Posts for tag: cosmetic gum surgery
Your gums can take a lot — they’re resilient and they endure a variety of abrasive foods over a lifetime. But resilience isn’t the same as invulnerability: your gums can be weakened by periodontal (gum) disease or by over-aggressive brushing that causes them to shrink away (recede) from the teeth they protect.
Unfortunately, it’s not a rare problem — millions suffer from some degree of gum recession, caused mainly by gum disease. This aggressive infection arises from bacteria in dental plaque, a thin film that builds up on tooth surfaces due to inadequate oral hygiene. Fortunately, gum disease can be effectively treated in its early stages by removing plaque above and below the gum line. Diseased gums will quickly rebound to their normal health.
Unfortunately, though, heavily recessed gums from advanced stages of gum disease (as well as those who’ve inherited thinner gum tissues and are more susceptible to recession) may not come back fully without help. This can affect the health and survival of affected teeth, as well as your appearance.
Plastic periodontal surgery can help restore these lost tissues. There are a number of procedures that can be used depending on the exact nature of the recession, and most involve some form of tissue grafting. A specimen of donated gum tissue (either from another portion of the patient’s gums or a thoroughly cleansed and properly processed donation from another person) is surgically attached to the gums at the recession site.
The graft can be completely freed from the harvest area or in some cases a part of it remains attached to receive blood supply while the rest is grafted to the site. These procedures, especially the latter, require meticulous skill and sophisticated microsurgical techniques to make an effective attachment. If the tooth root is involved, it must be thoroughly prepared beforehand through polishing and decontamination to ensure the new graft will take. The graft is sutured in place and sometimes covered with a moldable dressing for protection.
As the area heals, the tissues begin to grow around the graft, restoring better coverage for the tooth. Coupled with comprehensive gum disease treatment, this form of plastic surgery can restore new health to teeth and a transformed smile.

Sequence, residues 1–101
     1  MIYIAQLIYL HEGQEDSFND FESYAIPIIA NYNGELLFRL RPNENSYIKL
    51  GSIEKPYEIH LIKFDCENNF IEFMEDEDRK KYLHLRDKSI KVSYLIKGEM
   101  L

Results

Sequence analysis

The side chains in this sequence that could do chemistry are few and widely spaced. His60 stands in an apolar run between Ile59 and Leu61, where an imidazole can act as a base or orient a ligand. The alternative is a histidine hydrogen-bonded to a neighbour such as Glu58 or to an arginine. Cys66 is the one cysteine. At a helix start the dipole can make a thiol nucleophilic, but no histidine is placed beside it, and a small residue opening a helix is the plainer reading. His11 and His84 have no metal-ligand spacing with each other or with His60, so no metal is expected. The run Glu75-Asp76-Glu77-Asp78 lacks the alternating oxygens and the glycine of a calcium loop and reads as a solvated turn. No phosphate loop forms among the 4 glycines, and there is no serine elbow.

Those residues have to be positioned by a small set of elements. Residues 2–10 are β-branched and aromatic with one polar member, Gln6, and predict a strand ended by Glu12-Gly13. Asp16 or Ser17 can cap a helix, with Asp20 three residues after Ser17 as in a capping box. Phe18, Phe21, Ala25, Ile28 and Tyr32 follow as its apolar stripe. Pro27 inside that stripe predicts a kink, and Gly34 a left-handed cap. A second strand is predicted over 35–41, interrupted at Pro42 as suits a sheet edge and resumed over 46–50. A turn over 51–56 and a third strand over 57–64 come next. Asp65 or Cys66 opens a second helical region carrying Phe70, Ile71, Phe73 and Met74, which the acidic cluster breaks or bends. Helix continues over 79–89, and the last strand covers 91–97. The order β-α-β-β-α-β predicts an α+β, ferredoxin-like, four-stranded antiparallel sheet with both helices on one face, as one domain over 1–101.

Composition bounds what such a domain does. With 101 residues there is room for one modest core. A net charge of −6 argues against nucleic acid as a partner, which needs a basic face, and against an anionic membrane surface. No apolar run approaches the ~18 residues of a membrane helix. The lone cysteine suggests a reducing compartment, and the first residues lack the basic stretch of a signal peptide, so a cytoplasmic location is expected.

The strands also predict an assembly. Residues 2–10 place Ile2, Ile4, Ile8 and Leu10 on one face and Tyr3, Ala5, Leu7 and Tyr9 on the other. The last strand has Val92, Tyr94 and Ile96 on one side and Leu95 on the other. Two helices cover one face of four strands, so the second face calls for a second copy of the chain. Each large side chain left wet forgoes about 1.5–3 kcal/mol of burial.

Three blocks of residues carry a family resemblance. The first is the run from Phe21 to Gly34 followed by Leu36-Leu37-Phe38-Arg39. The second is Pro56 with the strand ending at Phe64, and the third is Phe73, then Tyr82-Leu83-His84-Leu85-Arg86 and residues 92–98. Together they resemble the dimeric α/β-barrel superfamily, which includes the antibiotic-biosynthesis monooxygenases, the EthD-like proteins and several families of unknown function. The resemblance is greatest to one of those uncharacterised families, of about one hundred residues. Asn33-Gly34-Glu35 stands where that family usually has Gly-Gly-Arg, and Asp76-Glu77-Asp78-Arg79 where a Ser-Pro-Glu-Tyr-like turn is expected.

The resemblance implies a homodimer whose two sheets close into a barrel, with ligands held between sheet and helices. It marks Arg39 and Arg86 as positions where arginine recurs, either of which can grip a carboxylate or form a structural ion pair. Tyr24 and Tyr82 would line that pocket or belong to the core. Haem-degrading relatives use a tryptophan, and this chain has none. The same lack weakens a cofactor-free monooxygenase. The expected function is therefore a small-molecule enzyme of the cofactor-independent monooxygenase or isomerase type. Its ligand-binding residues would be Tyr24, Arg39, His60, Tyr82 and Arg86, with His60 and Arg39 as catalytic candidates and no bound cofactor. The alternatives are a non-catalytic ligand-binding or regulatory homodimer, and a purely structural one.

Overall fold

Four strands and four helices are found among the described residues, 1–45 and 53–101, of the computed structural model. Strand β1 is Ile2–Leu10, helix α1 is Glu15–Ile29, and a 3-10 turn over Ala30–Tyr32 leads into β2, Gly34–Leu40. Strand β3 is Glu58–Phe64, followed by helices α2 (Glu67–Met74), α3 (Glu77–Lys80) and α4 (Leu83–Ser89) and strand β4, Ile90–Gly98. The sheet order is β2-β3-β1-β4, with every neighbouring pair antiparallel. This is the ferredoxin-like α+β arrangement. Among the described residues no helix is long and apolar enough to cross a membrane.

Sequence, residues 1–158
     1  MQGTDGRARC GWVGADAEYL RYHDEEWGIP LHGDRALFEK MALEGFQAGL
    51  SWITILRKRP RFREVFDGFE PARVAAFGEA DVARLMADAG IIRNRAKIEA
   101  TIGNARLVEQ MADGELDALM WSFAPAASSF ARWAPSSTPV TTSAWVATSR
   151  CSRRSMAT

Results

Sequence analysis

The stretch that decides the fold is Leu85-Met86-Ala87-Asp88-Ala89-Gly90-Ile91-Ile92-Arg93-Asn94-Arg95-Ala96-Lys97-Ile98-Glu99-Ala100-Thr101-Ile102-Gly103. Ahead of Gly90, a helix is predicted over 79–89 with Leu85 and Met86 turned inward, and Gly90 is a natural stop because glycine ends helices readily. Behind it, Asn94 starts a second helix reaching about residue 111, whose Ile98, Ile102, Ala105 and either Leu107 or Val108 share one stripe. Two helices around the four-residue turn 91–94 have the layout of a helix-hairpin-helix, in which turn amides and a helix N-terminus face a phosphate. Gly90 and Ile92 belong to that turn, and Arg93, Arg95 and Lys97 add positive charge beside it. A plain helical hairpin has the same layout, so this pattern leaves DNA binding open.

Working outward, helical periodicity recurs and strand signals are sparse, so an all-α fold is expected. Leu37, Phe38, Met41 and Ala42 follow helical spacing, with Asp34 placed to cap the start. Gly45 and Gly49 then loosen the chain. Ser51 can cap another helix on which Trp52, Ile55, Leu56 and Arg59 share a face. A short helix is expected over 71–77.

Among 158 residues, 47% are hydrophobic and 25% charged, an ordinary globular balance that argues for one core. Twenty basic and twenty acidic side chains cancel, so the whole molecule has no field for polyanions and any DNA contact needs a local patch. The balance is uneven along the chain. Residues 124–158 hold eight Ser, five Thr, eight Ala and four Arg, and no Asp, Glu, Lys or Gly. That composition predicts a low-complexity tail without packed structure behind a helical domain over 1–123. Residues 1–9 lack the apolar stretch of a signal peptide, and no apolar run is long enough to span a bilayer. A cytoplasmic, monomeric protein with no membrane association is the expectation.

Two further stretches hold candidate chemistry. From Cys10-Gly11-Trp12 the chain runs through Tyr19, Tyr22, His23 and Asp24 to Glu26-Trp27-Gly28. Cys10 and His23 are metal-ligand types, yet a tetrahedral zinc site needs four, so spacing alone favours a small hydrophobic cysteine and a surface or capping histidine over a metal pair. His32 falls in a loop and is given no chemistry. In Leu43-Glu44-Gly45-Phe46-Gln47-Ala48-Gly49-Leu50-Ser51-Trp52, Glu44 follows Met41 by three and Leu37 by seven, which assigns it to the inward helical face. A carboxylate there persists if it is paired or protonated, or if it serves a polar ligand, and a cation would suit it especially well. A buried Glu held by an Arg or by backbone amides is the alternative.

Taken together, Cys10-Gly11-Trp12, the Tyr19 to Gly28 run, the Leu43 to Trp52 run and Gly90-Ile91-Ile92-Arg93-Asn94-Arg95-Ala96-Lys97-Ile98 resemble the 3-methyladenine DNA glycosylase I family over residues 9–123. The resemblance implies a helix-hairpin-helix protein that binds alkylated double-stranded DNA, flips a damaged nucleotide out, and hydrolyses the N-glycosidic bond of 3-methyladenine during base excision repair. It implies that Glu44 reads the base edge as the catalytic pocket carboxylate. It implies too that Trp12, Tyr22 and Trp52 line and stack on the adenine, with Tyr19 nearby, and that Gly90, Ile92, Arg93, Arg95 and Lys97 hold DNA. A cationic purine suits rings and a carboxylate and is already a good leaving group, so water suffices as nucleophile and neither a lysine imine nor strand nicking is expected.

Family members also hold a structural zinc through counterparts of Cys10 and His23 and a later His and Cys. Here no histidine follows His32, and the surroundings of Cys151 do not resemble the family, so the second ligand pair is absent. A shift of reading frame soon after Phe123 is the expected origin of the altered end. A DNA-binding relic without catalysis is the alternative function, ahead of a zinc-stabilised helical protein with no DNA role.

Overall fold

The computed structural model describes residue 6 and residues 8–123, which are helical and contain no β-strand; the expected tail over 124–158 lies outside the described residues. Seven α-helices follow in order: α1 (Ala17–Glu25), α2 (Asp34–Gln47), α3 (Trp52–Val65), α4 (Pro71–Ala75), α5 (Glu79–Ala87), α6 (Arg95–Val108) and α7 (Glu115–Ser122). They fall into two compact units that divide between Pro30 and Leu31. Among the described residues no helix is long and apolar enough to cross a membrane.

If you would like more information on treating gum recession with plastic surgery, please contact us or schedule an appointment for a consultation. You can also learn more about this topic by reading the Dear Doctor magazine article “Periodontal Plastic Surgery.”
We most often associate plastic surgery with cosmetic enhancements to our outer appearance. While this is their primary purpose, some forms of reconstructive surgery restore lost function and health as well as improve appearance. A classic example is cosmetic periodontal (gum) surgery that restores receded gum tissues that have exposed more of the tooth than is visually appealing.
Gum recession occurs primarily because of excessive brushing (too hard or for too long) or because of periodontal (gum) disease, a bacterial infection that ultimately causes gum tissue to detach and pull away from the teeth. Gum recession not only affects the appearance of the teeth, it can expose the tooth’s root surface to further infection and decay. Without treatment, the disease could progress causing further damage with the potential for the tooth to be eventually lost.
In conjunction with plaque removal to stop gum disease and possibly other treatments like orthodontics to correct misaligned teeth, cosmetic gum surgery is used to rejuvenate lost gum tissues around teeth through tissue grafting. In these procedures, a combination of surgical approaches and/or grafting materials are attached to the area of recession to stimulate the remaining tissue to grow upon the graft and eventually replace it.